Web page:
A Christmas Carol by Charles Dickens

A Christmas Carol.jpg

To bitter, miserly Ebenezer Scrooge, Christmas is just another day. But all that changes when the ghost of his long-dead business partner appears, warning Scrooge to change his ways before it’s too late.

A Christmas Carol by Charles Dickens
Published December 19, 1843 by Chapman & Hall
Format: Kindle e-book; 73 pages
Classics
Also By This Author: Great ExpectationsLittle DorritA Tale of Two Cities
Goodreads | Amazon
My Rating: ♥♥♥

Thoughts

This is me attempting to catch up on book reviews from last year…

Last month I finally, for the first time ever, read A Christmas Carol. I amazed even myself by waiting that long to read it. Of course I knew the story; I’ve seen enough movie versions and even that one Boy Meets World episode that re-imagines Mr. Feeny as the Ghost of Christmas Future. But I had never read it! I had it in my mind that I could only read A Christmas Carol when it was actually Christmastime, and each December I would be so overwhelmed with holiday preparations or finishing reading challenges that I’d keep putting the Charles Dickens story aside for another year.

Well, 2016 was finally that year and I’m not at all surprised to say that I truly enjoyed A Christmas Carol and I can see why it will forever be a holiday classic and one of Charles Dickens’s most beloved works.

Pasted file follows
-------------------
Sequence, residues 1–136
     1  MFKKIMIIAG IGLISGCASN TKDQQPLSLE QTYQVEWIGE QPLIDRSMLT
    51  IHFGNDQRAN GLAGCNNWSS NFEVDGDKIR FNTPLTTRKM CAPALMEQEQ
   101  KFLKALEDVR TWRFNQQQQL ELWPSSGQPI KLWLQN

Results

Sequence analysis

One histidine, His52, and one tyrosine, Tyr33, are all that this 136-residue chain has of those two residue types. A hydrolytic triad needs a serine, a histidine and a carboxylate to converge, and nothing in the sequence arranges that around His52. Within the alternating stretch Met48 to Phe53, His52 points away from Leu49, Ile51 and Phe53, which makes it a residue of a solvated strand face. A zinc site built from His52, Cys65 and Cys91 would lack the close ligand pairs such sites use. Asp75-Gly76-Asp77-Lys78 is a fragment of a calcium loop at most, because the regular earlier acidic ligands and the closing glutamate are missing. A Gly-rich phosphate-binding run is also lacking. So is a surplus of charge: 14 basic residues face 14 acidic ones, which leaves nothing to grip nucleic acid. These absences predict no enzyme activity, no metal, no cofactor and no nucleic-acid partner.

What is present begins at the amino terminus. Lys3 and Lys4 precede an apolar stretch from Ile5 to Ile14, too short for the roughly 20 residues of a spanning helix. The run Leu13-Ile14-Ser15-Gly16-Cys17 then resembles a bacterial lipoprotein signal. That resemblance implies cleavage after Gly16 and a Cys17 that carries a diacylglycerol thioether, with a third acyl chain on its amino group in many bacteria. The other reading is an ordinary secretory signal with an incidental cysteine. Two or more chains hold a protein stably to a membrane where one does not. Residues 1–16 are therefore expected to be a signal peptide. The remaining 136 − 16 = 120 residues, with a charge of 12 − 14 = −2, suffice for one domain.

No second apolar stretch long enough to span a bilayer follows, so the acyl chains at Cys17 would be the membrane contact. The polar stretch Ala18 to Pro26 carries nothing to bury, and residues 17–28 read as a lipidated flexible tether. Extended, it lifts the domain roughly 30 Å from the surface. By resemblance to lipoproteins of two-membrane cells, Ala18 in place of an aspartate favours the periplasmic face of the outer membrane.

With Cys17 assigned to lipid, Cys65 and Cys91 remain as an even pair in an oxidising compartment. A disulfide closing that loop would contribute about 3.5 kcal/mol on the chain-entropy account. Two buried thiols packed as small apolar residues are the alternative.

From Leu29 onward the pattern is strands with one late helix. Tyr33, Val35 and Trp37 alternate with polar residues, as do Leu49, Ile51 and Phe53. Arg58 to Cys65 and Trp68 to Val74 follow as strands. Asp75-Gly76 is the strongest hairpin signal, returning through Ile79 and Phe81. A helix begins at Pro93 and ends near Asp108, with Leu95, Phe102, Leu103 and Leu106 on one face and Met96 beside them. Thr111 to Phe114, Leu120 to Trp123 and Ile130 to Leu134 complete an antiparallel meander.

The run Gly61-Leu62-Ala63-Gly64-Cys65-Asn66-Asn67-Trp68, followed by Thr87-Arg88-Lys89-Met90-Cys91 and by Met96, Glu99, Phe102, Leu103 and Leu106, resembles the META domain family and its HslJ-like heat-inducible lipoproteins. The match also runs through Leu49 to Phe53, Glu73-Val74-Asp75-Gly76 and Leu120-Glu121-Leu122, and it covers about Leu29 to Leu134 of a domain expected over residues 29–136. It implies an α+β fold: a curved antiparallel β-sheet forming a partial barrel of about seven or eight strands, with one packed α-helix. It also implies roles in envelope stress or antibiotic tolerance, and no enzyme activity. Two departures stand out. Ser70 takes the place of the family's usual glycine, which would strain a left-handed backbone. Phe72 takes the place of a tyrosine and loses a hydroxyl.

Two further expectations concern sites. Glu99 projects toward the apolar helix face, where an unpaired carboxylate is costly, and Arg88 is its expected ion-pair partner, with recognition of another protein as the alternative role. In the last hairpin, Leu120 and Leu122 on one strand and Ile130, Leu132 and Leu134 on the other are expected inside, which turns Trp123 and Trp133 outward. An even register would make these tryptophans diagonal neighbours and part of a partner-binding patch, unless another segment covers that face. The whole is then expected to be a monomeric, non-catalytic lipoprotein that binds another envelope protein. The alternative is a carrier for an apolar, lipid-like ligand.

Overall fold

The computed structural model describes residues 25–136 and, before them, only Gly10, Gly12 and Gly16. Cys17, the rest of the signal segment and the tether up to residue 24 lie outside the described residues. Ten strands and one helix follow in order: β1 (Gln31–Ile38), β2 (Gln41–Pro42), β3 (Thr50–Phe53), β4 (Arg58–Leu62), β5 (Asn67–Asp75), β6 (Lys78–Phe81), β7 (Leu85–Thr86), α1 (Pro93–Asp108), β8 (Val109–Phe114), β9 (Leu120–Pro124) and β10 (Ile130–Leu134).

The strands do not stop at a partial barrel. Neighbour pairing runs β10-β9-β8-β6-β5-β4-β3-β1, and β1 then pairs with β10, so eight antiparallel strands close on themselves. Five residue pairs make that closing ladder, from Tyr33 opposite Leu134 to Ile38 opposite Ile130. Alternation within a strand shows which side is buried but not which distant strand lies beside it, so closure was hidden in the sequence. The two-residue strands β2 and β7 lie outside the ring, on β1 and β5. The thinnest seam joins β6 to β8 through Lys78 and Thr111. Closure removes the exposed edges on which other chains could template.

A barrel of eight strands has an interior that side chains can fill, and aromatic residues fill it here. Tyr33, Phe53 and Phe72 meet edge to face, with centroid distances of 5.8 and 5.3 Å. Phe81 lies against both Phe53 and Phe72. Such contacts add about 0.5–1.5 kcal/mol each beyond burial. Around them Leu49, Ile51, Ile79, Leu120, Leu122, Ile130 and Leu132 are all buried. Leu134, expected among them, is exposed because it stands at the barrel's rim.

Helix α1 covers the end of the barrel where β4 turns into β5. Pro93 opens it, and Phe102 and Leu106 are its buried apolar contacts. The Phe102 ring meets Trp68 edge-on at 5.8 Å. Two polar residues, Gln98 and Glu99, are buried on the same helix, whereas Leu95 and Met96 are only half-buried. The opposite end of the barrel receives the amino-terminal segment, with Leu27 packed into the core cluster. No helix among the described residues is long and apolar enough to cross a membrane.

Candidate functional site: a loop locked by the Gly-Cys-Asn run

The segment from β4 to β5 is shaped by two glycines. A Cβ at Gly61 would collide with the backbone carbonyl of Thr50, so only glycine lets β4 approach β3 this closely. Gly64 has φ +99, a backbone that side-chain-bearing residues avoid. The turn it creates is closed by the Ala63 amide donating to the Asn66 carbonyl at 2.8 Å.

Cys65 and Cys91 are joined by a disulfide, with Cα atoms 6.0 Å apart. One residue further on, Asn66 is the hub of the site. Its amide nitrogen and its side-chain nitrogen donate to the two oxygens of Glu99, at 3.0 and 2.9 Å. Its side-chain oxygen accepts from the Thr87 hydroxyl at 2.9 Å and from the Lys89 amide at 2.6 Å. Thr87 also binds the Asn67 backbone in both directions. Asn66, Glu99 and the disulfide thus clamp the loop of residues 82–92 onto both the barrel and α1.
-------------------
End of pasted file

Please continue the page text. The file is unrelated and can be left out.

As expected, the Ghost of Christmas Present creeped me out, the idea of Tiny Tim passing away made me cry, and the renewed and re-inspired Ebenezer Scrooge buying the prize turkey and sending it in a cab to Bob Crachit’s house, all the while chuckling and probably confounding the poor messenger boy, made me chuckle as well.

“There is nothing in the world so irresistibly contagious as laughter and good humor.”

Read This Book If…

…you wish it were Christmas all year long.
…you enjoy shorter, novella-length books.
…you want to rediscover a classic.
…you’ve never read Dickens before and are looking to ease your way into his works.

Final Musings

I’ve heard that there are some wonderfully done audiobook versions of  A Christmas Carol, including one by Neil Gaiman. Maybe this December I’ll listen to one of those narrations while wrapping Christmas presents :)

The Importance of Being Earnest by Oscar Wilde

earnest

“In matters of grave importance, style, not sincerity, is the vital thing.”

The Importance of Being Earnest by Oscar Wilde